Dress You Up in His Love: Mondo Guerra Designs HIV Community-Inspired Dress for World AIDS Day
December 1, 2012
You were inspired to make this dress from a mural, which is one type of artistic expression, and then you have your type of artistic expression, which is through fashion. What were some of the emotions that you felt when you were making this dress? What did you want it to say and translate from the mural to the dress?
Well, I think, when I first started making it, I was like, "This isn't special enough. I'm really sticking to something that's safe, something that I know." And I wanted to make something that people could relate to in their own way. I wanted to get the personality of the dress through what they contributed. I feel like it had to be something that wasn't necessarily "off-the-rack." Something a little more high fashion. Something a little bit more interesting. Something we haven't seen, but something that is definitely a conversation piece. You know, if this girl walks into a room at any event, you want to ask her, "Oh, that's a cool dress, where did you get that from?" She can say, "Oh, Mondo Guerra designed it. He's working on this campaign, IDesign." What a great conversation opener, right? When you say "Who's that girl?" We want to know, we want to have that conversation, find out what this is all about. It should definitely be a conversation starter, so I had to push it a little bit. Honestly, it took me a long time to really nail down what I wanted to do, because I kept on wanting to make it very special, a very special dress, very unique.
Well, part of it is, you were inspired by this mural, which is a collaborative process, which involves many voices, and then you have dressmaking and fashion designing, which was your vision -- one person. I'm really curious, where do you think that the process of mural making and dress making can speak to each other? Where are the overlaps?
I think, working through the mural is really about, we can take away from the texture, and we can take away from the colors. If you look at the dress, there's definitely representation of the color from the mural. Most of it was the feeling behind participating and the feeling behind sharing your story, and the feeling of living with HIV. The dress, if you look at it, there's definitely a lot of structure to it. It's very tailored. Then there's some softness, there's some really beautiful detail work that really makes the dress. It's kind of like what we do in our proactive healthy life. We have to have this conversation, that's our structure, our foundation, to figure out what we need to achieve to be 100 percent, and then we do all the detail work. Beyond that, there's a little touch of love. You have to put in a little touch of love to continue to be responsible and proactive in your healthy life.
What are the plans for the dress? Is it going to be eventually for sale? Is it for sale now?
Well, we have big plans for the dress. We're not really ready to start talking about them yet. But I will say, that this is really echoed into my personal life, hearing these stories, but this whole idea of the journey and the process has echoed into my artistic work, so it will be echoed into the collection in the fall of 2013.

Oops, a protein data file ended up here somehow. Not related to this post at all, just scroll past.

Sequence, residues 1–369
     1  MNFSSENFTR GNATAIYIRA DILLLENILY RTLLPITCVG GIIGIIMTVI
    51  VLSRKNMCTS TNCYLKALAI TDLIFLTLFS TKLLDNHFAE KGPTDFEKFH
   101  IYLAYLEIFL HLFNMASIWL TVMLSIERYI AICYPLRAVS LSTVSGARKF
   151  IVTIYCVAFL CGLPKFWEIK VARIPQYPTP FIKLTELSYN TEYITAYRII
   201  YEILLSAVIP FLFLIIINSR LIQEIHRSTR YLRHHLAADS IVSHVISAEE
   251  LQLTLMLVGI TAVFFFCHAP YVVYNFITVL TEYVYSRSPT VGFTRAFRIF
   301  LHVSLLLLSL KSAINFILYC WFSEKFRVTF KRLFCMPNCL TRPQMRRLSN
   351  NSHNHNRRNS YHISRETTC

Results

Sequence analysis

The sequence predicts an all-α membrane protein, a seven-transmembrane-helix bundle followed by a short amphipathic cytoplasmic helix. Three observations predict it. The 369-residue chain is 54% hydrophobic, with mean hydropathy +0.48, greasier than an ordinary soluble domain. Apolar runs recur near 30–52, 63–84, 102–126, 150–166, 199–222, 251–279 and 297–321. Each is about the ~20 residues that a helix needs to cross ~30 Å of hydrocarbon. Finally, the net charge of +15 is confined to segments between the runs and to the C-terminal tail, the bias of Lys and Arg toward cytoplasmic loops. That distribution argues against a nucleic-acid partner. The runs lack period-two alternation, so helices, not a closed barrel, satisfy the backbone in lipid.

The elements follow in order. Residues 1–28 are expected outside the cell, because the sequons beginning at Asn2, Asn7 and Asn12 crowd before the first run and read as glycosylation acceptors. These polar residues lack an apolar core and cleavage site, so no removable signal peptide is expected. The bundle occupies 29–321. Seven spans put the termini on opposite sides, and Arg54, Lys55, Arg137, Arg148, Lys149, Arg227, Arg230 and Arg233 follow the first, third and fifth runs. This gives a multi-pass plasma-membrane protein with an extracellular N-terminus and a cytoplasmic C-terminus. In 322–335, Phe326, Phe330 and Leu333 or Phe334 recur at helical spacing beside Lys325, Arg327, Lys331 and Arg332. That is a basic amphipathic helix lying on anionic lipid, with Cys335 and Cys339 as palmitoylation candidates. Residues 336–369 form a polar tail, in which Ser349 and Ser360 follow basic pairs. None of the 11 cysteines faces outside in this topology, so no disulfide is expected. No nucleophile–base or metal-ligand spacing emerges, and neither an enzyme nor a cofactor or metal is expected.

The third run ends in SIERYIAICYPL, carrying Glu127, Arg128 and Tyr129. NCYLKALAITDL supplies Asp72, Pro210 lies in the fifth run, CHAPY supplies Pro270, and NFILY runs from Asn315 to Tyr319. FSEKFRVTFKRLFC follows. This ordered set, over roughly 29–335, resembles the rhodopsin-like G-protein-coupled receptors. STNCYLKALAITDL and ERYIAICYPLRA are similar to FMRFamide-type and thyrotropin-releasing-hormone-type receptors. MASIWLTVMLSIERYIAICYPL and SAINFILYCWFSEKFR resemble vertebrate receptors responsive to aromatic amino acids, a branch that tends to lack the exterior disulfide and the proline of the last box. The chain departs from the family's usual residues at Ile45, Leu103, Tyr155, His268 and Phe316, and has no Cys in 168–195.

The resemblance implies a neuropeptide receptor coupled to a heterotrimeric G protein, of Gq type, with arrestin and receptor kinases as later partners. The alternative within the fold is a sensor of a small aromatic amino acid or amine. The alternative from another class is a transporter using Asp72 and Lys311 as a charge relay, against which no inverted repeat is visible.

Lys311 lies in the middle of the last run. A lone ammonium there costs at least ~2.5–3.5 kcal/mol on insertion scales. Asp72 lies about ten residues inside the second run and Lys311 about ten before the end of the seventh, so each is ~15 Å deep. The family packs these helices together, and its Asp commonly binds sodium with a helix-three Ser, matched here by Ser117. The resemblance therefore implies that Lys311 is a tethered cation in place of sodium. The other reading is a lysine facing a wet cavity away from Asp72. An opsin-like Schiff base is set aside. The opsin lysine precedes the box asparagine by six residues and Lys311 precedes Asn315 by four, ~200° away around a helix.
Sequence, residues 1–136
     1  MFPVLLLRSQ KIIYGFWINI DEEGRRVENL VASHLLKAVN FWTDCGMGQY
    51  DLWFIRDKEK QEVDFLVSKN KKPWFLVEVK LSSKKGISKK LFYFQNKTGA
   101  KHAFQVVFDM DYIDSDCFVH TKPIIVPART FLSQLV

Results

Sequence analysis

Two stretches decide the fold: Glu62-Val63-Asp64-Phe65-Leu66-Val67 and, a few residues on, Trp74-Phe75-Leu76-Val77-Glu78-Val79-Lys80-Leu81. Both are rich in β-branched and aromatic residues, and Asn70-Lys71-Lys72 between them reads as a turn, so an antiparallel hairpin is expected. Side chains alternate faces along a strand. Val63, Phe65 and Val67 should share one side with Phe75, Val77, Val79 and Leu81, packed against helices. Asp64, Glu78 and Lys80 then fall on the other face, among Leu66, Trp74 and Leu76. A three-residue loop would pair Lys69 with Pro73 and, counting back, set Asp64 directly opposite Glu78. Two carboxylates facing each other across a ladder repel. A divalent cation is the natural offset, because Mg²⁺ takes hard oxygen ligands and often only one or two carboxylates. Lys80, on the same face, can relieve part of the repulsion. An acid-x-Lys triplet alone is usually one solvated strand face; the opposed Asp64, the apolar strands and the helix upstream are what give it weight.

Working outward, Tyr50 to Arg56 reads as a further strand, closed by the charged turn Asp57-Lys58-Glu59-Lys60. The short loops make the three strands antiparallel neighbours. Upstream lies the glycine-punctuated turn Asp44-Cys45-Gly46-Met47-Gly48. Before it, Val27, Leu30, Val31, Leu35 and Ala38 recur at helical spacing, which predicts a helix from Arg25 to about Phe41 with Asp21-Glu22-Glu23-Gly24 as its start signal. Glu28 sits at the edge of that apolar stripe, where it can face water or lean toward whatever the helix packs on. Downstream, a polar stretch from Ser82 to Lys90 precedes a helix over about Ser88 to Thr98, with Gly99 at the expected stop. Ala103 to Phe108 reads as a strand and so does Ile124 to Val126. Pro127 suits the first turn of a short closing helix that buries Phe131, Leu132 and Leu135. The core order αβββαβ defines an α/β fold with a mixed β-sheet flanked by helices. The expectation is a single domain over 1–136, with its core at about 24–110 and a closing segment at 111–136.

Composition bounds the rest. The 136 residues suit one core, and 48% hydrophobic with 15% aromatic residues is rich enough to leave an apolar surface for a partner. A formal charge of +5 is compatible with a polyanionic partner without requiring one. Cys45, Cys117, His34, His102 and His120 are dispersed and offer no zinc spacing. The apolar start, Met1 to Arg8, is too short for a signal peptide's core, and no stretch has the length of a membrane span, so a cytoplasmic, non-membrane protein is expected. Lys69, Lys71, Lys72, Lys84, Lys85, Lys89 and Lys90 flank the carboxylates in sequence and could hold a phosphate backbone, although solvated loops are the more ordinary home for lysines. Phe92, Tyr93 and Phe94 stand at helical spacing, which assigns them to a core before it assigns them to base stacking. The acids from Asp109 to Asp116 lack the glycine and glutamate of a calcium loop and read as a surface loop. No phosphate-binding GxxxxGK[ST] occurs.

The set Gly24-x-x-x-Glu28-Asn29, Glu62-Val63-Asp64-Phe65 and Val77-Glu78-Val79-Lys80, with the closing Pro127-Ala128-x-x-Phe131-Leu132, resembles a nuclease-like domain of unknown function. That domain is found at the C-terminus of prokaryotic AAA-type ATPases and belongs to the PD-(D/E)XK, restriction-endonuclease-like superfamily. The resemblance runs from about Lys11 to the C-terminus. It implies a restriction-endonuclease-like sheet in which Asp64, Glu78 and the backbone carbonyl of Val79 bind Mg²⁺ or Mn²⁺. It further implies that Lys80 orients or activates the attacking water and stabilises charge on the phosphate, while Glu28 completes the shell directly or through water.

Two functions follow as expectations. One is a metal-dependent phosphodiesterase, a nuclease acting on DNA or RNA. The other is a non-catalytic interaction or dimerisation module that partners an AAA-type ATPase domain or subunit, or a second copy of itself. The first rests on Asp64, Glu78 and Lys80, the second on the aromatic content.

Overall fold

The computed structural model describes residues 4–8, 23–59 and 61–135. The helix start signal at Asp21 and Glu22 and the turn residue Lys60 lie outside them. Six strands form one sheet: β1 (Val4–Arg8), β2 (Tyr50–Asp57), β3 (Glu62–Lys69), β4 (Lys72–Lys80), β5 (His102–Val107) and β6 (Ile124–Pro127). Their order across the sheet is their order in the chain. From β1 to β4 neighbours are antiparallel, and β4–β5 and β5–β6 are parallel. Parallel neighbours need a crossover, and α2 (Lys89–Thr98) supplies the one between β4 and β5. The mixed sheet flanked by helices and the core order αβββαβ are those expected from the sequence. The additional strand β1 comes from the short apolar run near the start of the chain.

The theme of World AIDS Day this year is "Getting to Zero," which means zero new infections, zero AIDS-related deaths, and zero stigma. Since you did do this dress for World AIDS Day, how do you think the IDesign campaign figures into the theme of "Getting to Zero"?
Well, I think it's about conversation. That's one of the biggest things we talk about in the campaign, is having this conversation with your doctor to find proper treatment for you as an individual. I think it's also about having an inner dialogue. When you're being creative, you always second guess, you always ask yourself questions, you always want to make it the best, right? Why wouldn't you want to make your treatment the best? You really do have to have this conversation. I think the idea of "getting to zero" is a perfect theme, because we're only going to get to zero if we have this communication, whether it's communication with your doctor, or if it's communicating to someone who you think might not access this information and educate themselves. So, it's about all of us talking to each other. It's not an issue of being HIV negative or HIV positive; it's about really having an open conversation and having discussions about the topic of HIV/AIDS.
When I was reading about IDesign and the dress, so much of the mission and the agenda of the campaign is about personal responsibility and personal empowerment and the idea that you can't have the doctor do everything and make all the decisions. You have to be the best advocate for your own health. I was wondering, what is your relationship with your doctor and how has that grown in as many years as you have been seeing your doctor?
I will say one thing about that. I think that, once I started being proactive -- meaning being prepared, going in there, asking questions about CD4 counts, my viral load, talking about the side effects, and just asking all those other questions that come to mind, maybe I had a sore throat a couple days ago, whatever it was, I'd ask those questions -- when you're involved, when you go in there and ask questions, and you're interested, I can tell you that my doctor responded to that. It made me feel like my doctor was more interested in providing better care to me. It really is a give and take. It really has to be an open communication to really achieve your best self as part of a healthy life.
This article was provided by TheBody.com.
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